Sleep is one of those things everyone seems to have advice on. Growing up, I remember my mother telling me that eating cheese before bed would give me nightmares. Turns out, it doesn’t. A doctor debunks other myths for us, like whether there is a cure to sleepwalking (there isn't) and radiation from our cell phones killing us while we dream (nope, not true). It also turns out there is such a thing as sleeping too much, and menstruation actually affects a woman's sleeping habits. Damn you, hormones.
Something else you might not know about sleep: we really need it to stay healthy. “In the long term, sleep is important for the health of our hearts, lowers our blood pressure, reduces our risk of diabetes, and is vital for boosting our immune system.” May these sleep facts help you work towards a life of feeling less tired all the time, and more okay with eating cheese.
1. Make your bedroom your retreat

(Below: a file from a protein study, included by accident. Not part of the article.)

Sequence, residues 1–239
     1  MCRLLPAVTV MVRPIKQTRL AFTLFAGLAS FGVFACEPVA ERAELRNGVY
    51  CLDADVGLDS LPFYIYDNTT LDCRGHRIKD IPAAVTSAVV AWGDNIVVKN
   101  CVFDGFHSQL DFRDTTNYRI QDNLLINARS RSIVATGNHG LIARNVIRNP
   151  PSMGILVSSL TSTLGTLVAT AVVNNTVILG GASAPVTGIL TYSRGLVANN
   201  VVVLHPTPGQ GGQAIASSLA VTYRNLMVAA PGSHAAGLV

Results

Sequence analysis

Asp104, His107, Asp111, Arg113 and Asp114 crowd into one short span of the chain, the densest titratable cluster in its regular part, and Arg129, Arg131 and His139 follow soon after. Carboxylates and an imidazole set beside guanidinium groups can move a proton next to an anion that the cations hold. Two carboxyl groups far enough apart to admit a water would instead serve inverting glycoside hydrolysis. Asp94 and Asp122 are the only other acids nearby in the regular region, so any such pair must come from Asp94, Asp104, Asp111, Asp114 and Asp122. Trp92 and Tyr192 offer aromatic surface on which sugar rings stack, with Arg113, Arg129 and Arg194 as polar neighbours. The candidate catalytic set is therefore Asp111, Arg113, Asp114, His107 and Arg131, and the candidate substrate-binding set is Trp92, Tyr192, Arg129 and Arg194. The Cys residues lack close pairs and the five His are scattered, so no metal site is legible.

Keep your room tidy, cool and dark.
We reckon all sleep issues stem from the days when being sent to your room was a punishment.
Flip that; it's a reward.
Keep fresh flowers, a quality mattress, sleep-worthy sheets and your favorite PJs by your bed.
Keep your bedside table decluttered.
Add a diffuserspiced with lavender essential oil for extra relaxation.
2. Keep a leg out
Keep one — or both — feet outside your blanket.
Some sleep experts say that can help you fall asleep faster and sleep better.
3. Check your bedtime. And your alarm time
Waking up in the light phase of your sleep cycle will help you feel energized. Use a sleep tracking app like Sleep Time to help you wake at the right time.
Also, a regular sleep schedule will help you rest better, so pick a bedtime and
go with it.
Have a pen and a favorite journal by your bed: If you have a racing mind, jot down your thoughts before you sleep.
5. Stop with the pretzels
Eating too many processed foods will wake you up at night. So will spicy foods, citrus fruits or other foods linked to heartburn.
6. The not-so-unusual suspects
If you're sleeping fitfully and waking with a sore throat or neck pain, it could be sleep apnea.
If you're waking up tangled in the covers, you could have restless leg syndrome.
That's an issue for your doctor.
7. Get Sweaty
Regular exercise releases endorphins, and endorphins reduce stress.
If you have insomnia, exercising in the late afternoon or early evening can help.
Or just have more sex.